A few years ago, I spoke at a school in Wisconsin, giving presentations for the staff and the parents. I shared the Ugly Cookie story, just like I (almost) always do. Lots of people have heard that story over the years.
But Pete Hirt, the principal of the school, took it and ran with it.
Not long after my talk, a parent of one of the students was diagnosed with cancer. Pete and the community sprang into action to help raise money for the family. Pete suggested they do an “Ugly Cake Auction,” in which people would be invited to decorate cakes in the ugliest manner possible. About 1,000 people descended upon the gym to bid on dozens of deliciously ugly cakes.
They raised $15,000.
Last night, I was invited back to be a part of an evening designed to Celebrate Family. I would again be speaking to the staff and parents, but also added to the agenda was a Barbarian Spaghetti dinner and an Ugly Cookie decorating contest. The goal was to give parents tips and ideas for stressing less and having more fun, while providing an opportunity for families to make memories together.
As you’ll see in the photos below…mission accomplished.
Tables in the cafeteria were covered with plastic, and aluminum trays of spaghetti and meatballs were placed at each table. Plates and silverware were provided for the more cautious eaters, but Pete exuberantly encouraged everyone to “go barbarian!” I’d say a little over half went for it, eating their spaghetti directly off the table. A number even went without cutlery.
It was a blast!
After dinner, I did an hour presentation in the library for the parents, while Pete and the kids cleaned up and had some fun in the gym. Then it was time for ugly cookie decorating. Plain homemade sugar cookies were provided, along with white frosting which served as a blank canvas for the smorgasbord of food coloring, sprinkles and candy that was on hand.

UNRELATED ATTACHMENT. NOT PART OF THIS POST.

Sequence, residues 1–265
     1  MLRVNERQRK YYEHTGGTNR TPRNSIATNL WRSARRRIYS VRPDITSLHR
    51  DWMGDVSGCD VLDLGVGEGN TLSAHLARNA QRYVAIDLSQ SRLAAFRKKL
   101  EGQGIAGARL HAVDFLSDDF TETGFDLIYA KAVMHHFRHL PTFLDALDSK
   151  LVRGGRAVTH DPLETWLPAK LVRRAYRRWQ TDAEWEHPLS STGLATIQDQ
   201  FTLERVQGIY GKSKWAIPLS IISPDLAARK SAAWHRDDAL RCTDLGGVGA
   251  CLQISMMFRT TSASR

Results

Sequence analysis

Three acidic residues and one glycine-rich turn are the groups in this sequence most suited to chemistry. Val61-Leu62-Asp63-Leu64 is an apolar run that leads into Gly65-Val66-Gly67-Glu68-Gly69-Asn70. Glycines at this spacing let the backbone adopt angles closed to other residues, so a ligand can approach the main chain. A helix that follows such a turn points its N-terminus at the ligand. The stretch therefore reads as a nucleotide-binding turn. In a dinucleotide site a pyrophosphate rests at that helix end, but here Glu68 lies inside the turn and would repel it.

Believe me when I say that ugliness was unleashed that night, my friends. And Adultitis was NOT happy about any of it.
Pete Hirt is one of the best principals I’ve ever met. He’s a down-to-earth guy who has a great sense of humor, and although he takes his job seriously, he doesn’t take himself too seriously. He is one of the most caring people I’ve come across. He really wants to make the lives of the students and their families better. And he’s willing to try anything to do it.
Pete (pictured above) is a Champion of Childhood because he’s willing to face Adultitis head-on. I’m sure there were more than a few people who thought he was out of his mind to bring an idea like this to the table. But the world is aching for silliness, and it desperately needs leaders who are brave enough to stand up and serve as permission granters.
Pete is one of those leaders. Can we count on you to be one, too?
A Champion of Childhood is someone instilled with the soaring spirit of childhood who rallies against rules that don’t exist while engaging in ruthless, senseless acts of silliness that undermine the slavery of Adultitis and its unadventurous version of adulthood. We like shining a light upon the most remarkable among us, holding them up as a dazzling example of what we should strive for in this epic battle against Adultitis. See more here.